The retailer expects high substitution among the products; in other words, the demand for one product will depend on the number of other, “similar” products available at the same time. It could subsequently decide to create such a feature (i.e., number of similar products available at the same time) by building a similarity measure among the products in order to learn how it has impacted demand in the past.
Elements of the solution
If the retailer wants to predict one single value per product, the use of regression analysis is appropriate. Depending on the type of data, (e.g., numeric or text), volume, collinearity, etc., it can leverage generalized linear models, random forest, gradient boosting, or neural networks.
For its similarity measure, the retailer can either use the existing product categories or build a clustering model. Or it can try both and see which one is the most significant.
The retailer expects some non-stationarity, as certain products can be trending. Hence it can build an overall trend prediction model based on external data — for example by learning the relative sales of a certain type of product based on the number of tweets mentioning it — and use it as another feature in the final model. Or it can build a separate model and stack the two together.
For the optimization part (forecasting how much of each product should be ordered), the retailer knows that the demand will not be perfectly forecasted. So, it needs to either account for a specific strategy — we can buy a bit more, or we can buy a bit less — or build a stochastic optimization model to decide how much to purchase based on the cost of under- and over-buying. (See Exhibit 3)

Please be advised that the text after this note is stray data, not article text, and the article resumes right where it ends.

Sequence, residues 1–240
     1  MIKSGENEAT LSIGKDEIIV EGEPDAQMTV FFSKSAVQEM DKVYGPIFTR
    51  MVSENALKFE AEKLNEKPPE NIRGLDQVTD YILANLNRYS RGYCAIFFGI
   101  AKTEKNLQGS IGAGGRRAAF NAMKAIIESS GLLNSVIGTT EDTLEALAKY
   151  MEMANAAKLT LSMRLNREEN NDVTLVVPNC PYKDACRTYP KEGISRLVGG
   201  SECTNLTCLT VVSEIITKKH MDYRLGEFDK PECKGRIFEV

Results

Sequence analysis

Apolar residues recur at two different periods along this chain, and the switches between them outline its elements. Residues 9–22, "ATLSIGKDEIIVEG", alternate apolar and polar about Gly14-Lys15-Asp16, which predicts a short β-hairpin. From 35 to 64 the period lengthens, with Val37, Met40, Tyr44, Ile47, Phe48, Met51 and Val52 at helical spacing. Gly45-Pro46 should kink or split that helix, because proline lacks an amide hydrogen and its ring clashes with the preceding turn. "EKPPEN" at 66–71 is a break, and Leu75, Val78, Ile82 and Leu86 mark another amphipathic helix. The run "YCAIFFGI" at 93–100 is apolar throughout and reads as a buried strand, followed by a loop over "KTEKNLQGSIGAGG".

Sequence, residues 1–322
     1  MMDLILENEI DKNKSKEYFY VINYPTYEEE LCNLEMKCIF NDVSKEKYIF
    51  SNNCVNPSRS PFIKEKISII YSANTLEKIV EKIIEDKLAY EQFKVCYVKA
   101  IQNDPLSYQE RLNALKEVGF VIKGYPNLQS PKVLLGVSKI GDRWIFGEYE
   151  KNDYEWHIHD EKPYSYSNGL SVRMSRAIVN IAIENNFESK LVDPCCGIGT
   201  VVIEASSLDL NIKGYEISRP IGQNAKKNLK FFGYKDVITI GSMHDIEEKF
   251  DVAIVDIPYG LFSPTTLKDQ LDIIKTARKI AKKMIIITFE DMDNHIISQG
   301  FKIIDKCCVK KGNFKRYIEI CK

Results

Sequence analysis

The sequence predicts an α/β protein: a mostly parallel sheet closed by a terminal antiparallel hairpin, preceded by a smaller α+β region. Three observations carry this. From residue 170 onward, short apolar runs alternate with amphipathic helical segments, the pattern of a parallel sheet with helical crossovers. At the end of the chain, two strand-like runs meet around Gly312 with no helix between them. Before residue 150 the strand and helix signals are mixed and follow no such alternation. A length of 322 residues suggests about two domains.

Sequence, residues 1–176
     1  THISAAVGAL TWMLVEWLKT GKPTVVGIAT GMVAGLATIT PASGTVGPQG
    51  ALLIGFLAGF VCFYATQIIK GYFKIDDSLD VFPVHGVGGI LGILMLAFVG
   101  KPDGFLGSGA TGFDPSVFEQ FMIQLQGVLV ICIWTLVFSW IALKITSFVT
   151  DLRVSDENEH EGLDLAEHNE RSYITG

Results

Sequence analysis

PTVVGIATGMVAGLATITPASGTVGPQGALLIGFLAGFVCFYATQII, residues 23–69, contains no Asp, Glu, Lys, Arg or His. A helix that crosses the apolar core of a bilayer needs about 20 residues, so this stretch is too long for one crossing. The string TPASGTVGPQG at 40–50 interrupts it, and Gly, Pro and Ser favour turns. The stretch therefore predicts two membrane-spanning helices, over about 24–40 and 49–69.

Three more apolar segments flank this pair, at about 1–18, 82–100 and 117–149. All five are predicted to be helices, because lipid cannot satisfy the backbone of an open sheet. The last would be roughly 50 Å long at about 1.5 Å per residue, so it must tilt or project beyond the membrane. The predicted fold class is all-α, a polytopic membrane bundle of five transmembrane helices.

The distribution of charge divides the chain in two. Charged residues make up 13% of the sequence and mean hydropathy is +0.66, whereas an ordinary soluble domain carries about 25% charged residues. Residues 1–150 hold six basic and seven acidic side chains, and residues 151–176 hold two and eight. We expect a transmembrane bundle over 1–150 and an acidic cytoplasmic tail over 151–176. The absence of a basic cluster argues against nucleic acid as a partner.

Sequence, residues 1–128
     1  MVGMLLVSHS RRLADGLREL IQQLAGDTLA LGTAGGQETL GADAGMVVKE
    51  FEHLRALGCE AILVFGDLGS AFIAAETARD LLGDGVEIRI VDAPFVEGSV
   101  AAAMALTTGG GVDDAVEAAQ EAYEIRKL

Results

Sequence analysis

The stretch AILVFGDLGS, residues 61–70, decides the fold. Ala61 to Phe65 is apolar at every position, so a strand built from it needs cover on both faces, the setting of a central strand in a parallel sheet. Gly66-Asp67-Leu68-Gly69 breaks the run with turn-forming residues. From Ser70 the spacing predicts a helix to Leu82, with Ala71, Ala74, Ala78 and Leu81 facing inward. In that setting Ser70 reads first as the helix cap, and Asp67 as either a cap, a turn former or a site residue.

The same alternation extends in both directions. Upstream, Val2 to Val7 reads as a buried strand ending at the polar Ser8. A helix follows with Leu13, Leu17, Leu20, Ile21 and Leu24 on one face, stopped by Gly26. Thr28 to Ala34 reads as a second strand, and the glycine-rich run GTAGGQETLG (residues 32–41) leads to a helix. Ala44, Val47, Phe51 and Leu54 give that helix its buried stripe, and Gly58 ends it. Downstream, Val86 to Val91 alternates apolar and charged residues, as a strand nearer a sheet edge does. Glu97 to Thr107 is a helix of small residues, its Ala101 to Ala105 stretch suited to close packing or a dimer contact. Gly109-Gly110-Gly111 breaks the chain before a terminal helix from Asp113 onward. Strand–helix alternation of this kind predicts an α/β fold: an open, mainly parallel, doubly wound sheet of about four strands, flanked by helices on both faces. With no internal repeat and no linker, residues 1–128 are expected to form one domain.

Exhibit 3: Data science solution workflow
Example 2: Steel manufacturer
Let’s now consider the case of a steel manufacturer that produces several types of products for large clients in the automotive, construction, and packaging industries.
Each of the manufacturer’s products has its own specifications (e.g., grade, thickness, purity), but they share the same raw material input and some similarities in the production chain. It has several assets along that production chain tasked with various processes, such as hot rolling and galvanizing, but each of the assets has a constrained capacity.
The manufacturer’s most profitable clients expect a quick turnaround when they place orders, which is much faster than the lead time needed to actually produce those orders. As such, the orders have to be anticipated and scheduled in a smart way. (See Exhibit 4)
Exhibit 4: Three stages at which demand forecasting is needed to optimize a steel manufacturer’s supply chain
Data science translation
Because the manufacturer has clients from different industries, whose demand for steel is largely driven by their own commercial activity, it makes sense to use a time-series model that includes their specific business drivers, such as new car production, new construction projects, and seasonality.